To celebrate Manufacturing Month, Shelby County Industrial & Development Foundation is holding several contests, including a Lego competition for grades 3-8.

Dr. Michael Troy Shell, campus director of JCTC Shelby Campus, will combine each entry into one city filled with individual industrial habitats. Habitats are a small scene where mini-figures work, play, and live

Request a kit

Student must request a free Lego base and starter bricks to build their very own Factory of the Future. Five-hundred plates are available on a first-come, first-served basis.

Shell will take all entries, connect the bases to make a cohesive display in the lobby of JCTC Milestone Academy campus on Frankfort Road during Manufacturing Marketplace on Oct. 19 and the remainder of the week. The size of the final display depends on the number of habitats returned to SCIDF.

Not only can Shelby County youth enter. Surrounding counties can also contribute and compete for prizes in two age groups: grades 3, 4, and 5; and grades 6, 7, and 8, plus a Best in Show award. A small committee, which includes Shell, will judge the contest.

A new idea

During the last Industrial celebration, SCIDF sponsored a coloring contest for K-3, and this year is no exception, but a Manufacturing Month committee decided they wanted a contest for older kids, so the Lego contest was born for students 3rd through 8th grades.

“I was into Lego and already on the committee,” Shell said. “I suggested habitats. I’m a crazy Lego guy. They call us AFOL, adult fans of Lego.”

Habitats are creations that illustrate a certain scene. Shell’s doctorate is in philosophy, and he wrote an ethics book and illustrated with his ideas with Lego bricks. Last summer, he held a Lego camp for kids.

Kits

Students can request a kit at their school. These habitats must be done in a certain way to hook together each room, but other than that, the sky’s the limit.

Kits include an 8x8 stud base, which is about 3x3 inches, plus bricks in the free package.

“A student can look at a local factory, but use your imagination,” he said. “They can do whatever they want. Imagine what a factory in the future looks like then put it all together. It may be crazy, science-fiction, or ridiculous. Whatever they think up.”

Entries are due back to the industrial foundation by Oct. 17.

Video link

Shell has created a rubber duckie factory, a facsimile of the manufacturing lab at the college, and much more previously.

Shell created a video to show student builders how to create an industrial scene, but mostly, it’s these creators’ imagination that will fuel construction.

The link is Manufacturing Month | Shelby County Industrial & Development Foundation (scidf.com).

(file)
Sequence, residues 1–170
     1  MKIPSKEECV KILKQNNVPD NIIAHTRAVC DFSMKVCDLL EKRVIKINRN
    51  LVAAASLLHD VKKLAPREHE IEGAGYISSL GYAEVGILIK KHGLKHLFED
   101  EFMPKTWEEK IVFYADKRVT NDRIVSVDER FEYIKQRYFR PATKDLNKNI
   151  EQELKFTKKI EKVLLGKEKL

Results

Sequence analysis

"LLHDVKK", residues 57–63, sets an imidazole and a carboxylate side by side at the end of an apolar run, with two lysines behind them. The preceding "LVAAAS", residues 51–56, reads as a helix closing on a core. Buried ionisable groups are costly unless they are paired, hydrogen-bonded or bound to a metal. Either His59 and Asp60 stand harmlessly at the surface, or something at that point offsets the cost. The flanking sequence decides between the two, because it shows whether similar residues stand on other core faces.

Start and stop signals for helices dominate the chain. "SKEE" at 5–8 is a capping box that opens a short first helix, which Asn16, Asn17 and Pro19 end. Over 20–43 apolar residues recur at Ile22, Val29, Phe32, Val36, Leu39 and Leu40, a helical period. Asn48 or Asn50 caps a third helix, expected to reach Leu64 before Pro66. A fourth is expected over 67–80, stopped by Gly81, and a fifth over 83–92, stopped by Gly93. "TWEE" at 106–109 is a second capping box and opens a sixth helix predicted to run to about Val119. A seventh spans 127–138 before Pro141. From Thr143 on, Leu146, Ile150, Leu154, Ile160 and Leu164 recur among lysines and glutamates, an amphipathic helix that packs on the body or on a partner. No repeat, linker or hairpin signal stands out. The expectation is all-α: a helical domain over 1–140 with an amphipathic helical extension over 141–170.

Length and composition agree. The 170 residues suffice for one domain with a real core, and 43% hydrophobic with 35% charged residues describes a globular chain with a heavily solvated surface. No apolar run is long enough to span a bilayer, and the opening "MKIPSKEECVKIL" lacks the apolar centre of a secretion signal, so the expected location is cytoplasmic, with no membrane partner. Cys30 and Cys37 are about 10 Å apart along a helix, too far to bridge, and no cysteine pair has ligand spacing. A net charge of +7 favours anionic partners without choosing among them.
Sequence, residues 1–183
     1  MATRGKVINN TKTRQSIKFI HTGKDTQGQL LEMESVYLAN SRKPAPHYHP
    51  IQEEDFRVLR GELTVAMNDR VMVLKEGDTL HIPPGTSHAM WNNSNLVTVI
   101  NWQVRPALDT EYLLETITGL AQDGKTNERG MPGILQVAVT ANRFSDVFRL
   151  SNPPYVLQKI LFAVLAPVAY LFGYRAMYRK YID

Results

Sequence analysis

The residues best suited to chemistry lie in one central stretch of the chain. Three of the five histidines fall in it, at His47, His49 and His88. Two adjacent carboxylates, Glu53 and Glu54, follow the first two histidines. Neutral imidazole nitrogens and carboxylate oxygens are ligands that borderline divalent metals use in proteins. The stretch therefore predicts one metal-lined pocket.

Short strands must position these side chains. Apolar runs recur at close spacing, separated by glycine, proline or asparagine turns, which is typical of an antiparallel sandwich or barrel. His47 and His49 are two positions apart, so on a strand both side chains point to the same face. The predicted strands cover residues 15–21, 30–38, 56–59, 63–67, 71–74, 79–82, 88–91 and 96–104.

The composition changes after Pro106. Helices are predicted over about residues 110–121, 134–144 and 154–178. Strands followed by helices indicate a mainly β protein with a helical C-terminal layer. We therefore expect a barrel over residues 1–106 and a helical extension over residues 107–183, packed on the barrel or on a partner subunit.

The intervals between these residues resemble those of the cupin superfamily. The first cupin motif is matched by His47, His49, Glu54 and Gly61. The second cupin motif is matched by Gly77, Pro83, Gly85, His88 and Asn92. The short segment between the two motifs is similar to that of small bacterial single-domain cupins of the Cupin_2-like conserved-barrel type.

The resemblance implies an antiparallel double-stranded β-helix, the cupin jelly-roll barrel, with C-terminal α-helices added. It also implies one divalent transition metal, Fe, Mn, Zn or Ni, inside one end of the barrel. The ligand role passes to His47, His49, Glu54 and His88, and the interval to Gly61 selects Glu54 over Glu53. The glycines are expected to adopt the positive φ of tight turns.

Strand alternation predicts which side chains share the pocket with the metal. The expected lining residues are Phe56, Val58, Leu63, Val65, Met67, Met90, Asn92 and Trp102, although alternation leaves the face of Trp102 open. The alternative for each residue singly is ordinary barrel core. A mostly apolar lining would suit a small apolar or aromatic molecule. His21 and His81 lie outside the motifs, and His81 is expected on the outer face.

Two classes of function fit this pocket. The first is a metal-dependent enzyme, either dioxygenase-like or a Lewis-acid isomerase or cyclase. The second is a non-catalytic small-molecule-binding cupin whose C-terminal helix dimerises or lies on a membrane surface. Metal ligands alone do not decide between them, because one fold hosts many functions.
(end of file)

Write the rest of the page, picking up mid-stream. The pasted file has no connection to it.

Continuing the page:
Industry in Shelby

Norfolk Southern is the contest sponsor.

One goal of this contest is to get across the idea that manufacturing isn’t what some people think. “It isn’t a dirty, coal-fired steel company,” he said. “Manufacturing goes from sterile and beyond. Think about all the things made in manufacturing. Think creatively about what factories look like.”

Lego is actually one of the biggest manufacturers in the world. The company makes more tires than anyone in the world, for kits.

Why Lego?

Shell speaks at conferences about Lego and play. “Everybody’s contribution is bigger than the individual,” he said. “They contribute to a larger whole. We take this tiny thing [3x3 inches] and link it together. It’s fantastic. Just like the manufacturing process, everybody does their job, then what comes out is greater than what came in.”

Future builds

Shell wants to keep this contest growing into the future, but future contests depend on popularity of the competition.

“My vision for the future is to push it, to use mechanisms with Lego, moving parts, advanced building,” for middle and high school students. “They can build simple machines, conveyor belts, mechanics to make factories move. Advanced Lego building has gears, levers, elevators, and slopes available. Some schools use this in robotics.”

What is manufacturing?

Shell wants students to know that there is more to a manufacturing plant than jobs on the floor.

“Every manufacturing company needs HR, mechanics, all manner of jobs," he said. "I want to put in their heads that there may be a place in the whole spectrum of manufacturing that they hadn’t thought of before. I want to expose that to students, get them here on campus.”

Marketplace

Oct. 19 is Manufacturing Marketplace. Representatives from several Shelby manufacturers will be at JCTC that day to speak to kids about a wide array of available jobs, internships, and other opportunities.

“There are 70-plus industries here in Shelby County,” said Libby Adams, SCIDF executive director. “Shelby County is the most industrialized community in the commonwealth outside Jefferson County. It’s important for everyone to know what manufacturing exists in Shelby County and what goes on inside. They’d be surprised by what is made here, done here.”

For example, the iconic Capri Sun packaging is made right here in Shelby County.